This year's carefully staged, semi-virtual Republican National Convention (RNC) featured footage of President Donald Trump performing a naturalization ceremony in the White House, politicizing what is a sacred right of passage for immigrants. But even as he inducted five hand-picked immigrants into full citizenship and showered them with praise, he has gone out of his way to dismantle the citizenship program for hundreds of thousands of others.
Two of the immigrants did not know until minutes before the ceremony that Trump would attend much less that it would be later aired at the RNC. They subsequently said they didn't mind, but it would have been nice to at least give them the option of exercising their newfound political freedom and letting them have a say in whether they wanted to be used as props for the president's re-election campaign. In his remarks, Trump himself pointed out that the immigrants had "followed the rules" and "obeyed the laws" and earned the right to become citizens. But what he didn't mention was just how hard he was working to prevent others from getting to the same place—including doubling the naturalization fee (from $640 to $1,160) and the processing time. That, however, is the least of it.
To date, Trump has not only cracked down on unauthorized immigration—ratcheting up enforcement both at the border and the interior—he has also placed nearly insurmountable boulders on every path to legal immigration. He has slashed the refugee quota from 85,000 to 18,000 and is not even filling that. He has turned the asylum program into a cruel joke, separating migrant moms from babies as a deterrence measure. New reporting by finds that even considered "extreme action" against Central American migrants such as shooting "heat-rays" to make their skin feel like it is burning when they came close to the border—not to mention spikes on the wall, a moat filled with snakes, and shooting migrants in the legs . He has slowed family-based immigration to a crawl. Not even the H-1B program for high-skilled foreign professionals, which literally no one except for the most extreme restrictionists doubts is an unmitigated boon for the country, has been spared.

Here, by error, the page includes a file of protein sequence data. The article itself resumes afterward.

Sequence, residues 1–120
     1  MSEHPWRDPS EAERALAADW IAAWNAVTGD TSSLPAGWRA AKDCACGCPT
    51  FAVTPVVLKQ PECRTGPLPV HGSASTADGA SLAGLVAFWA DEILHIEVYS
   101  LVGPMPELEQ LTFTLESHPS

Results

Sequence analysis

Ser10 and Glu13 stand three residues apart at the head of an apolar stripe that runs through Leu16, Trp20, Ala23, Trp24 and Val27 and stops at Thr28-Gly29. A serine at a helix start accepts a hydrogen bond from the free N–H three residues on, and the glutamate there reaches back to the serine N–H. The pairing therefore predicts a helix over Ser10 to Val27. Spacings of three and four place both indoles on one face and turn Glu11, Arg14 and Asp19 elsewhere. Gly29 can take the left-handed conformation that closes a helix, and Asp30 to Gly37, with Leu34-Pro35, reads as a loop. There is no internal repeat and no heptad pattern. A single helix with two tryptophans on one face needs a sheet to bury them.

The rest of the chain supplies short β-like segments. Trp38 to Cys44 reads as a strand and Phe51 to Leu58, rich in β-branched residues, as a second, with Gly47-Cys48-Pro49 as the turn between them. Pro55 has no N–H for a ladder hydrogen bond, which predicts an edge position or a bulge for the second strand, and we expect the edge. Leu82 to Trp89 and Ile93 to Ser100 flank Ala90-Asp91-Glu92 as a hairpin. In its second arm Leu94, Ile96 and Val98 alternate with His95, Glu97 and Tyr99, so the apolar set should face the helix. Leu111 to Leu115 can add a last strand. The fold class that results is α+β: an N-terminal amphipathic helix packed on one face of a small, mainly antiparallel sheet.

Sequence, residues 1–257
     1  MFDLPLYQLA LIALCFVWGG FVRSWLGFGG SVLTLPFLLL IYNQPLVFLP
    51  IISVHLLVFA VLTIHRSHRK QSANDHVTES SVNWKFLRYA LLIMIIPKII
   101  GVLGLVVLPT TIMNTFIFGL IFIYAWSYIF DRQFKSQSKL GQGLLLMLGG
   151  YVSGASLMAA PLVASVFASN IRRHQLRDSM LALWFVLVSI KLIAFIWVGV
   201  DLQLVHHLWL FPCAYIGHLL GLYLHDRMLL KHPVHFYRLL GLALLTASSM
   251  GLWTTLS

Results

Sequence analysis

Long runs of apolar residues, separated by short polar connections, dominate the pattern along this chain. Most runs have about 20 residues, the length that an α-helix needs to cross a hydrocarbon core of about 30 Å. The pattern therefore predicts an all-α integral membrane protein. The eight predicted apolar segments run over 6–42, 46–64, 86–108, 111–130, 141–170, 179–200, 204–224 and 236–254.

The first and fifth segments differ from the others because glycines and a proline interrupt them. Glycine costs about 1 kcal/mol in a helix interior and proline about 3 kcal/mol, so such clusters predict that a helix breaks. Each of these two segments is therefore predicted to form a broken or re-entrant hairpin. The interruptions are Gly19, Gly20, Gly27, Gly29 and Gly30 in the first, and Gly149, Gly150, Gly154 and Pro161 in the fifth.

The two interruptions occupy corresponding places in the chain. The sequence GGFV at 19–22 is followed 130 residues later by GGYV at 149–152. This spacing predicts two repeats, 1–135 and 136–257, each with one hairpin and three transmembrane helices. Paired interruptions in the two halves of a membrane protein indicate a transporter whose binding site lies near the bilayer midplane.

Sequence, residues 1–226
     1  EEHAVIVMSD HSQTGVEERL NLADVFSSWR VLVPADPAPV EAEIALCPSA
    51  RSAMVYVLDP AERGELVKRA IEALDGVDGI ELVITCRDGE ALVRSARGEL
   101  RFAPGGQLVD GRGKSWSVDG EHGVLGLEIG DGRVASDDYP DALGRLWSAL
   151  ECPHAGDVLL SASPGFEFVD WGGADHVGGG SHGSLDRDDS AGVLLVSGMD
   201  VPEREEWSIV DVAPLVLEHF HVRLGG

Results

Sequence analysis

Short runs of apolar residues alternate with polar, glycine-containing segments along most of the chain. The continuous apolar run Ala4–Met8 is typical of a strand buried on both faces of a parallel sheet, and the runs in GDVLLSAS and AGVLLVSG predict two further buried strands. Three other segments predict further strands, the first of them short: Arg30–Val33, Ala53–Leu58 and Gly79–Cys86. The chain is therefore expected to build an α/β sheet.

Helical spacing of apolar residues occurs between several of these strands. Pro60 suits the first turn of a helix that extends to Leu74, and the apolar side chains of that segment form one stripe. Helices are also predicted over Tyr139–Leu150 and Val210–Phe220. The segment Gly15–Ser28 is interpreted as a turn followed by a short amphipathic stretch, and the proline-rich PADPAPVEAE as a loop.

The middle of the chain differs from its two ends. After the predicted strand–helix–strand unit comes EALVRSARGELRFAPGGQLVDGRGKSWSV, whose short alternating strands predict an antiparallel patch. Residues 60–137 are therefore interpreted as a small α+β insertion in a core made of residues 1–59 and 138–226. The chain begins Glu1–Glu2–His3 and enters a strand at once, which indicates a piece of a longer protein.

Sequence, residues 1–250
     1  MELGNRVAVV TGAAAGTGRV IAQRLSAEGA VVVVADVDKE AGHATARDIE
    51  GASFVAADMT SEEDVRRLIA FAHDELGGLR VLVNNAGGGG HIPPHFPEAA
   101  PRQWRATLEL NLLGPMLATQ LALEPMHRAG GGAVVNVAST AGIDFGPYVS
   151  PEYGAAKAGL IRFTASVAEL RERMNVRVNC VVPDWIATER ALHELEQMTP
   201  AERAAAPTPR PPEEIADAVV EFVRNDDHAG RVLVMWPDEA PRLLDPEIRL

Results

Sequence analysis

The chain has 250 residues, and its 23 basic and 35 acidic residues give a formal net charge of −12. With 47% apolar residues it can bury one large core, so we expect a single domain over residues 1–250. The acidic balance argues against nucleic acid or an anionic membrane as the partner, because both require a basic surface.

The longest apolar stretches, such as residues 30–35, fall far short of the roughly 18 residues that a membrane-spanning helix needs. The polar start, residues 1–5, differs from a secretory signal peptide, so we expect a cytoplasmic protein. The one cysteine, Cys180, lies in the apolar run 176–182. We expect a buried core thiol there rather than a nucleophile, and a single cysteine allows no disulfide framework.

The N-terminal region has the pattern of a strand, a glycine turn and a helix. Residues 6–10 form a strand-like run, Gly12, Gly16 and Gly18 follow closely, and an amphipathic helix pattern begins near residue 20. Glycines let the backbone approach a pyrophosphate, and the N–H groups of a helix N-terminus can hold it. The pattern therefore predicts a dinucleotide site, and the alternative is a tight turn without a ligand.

And that was before the pandemic. In April, Trump first hit a two-month pause on every category of legal immigration except for spouses and minor children of American citizens. Then he extended the pause to the end of this year.
But the most chilling aspect of Trump's anti-immigration agenda might be its assaults on the naturalization program. Between 2016 and 2019, according to an analysis by the National Foundation for American Policy, the administration's denial rate for military naturalizations had increased 143 percent (from 7 percent to 17 percent). And the number of immigrants in the military who naturalized dropped by more than half between the same time period. Why? Because the administration made active duty immigrants—people willing to die for this country—ineligible for an expedited path to citizenship. Since then, a court has asked the administration to reinstate that path.